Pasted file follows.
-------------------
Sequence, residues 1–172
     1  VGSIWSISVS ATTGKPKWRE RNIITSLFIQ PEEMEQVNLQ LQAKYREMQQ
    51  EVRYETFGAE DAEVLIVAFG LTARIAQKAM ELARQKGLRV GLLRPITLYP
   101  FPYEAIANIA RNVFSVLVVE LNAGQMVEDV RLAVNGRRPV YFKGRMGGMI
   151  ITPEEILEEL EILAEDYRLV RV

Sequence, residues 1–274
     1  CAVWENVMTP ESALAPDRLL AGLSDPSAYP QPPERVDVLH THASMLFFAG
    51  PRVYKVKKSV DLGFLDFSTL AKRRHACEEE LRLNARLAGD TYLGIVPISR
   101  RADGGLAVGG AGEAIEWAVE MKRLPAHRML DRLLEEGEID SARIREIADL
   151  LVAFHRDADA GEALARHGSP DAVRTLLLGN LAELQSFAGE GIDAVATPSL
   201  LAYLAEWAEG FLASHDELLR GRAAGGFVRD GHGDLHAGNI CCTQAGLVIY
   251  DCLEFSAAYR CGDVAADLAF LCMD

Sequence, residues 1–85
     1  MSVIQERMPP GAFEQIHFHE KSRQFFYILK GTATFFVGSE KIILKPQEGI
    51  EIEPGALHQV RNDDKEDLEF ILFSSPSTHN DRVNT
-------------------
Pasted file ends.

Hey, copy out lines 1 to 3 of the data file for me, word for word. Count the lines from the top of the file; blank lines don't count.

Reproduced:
Sequence, residues 1–172
     1  VGSIWSISVS ATTGKPKWRE RNIITSLFIQ PEEMEQVNLQ LQAKYREMQQ
    51  EVRYETFGAE DAEVLIVAFG LTARIAQKAM ELARQKGLRV GLLRPITLYP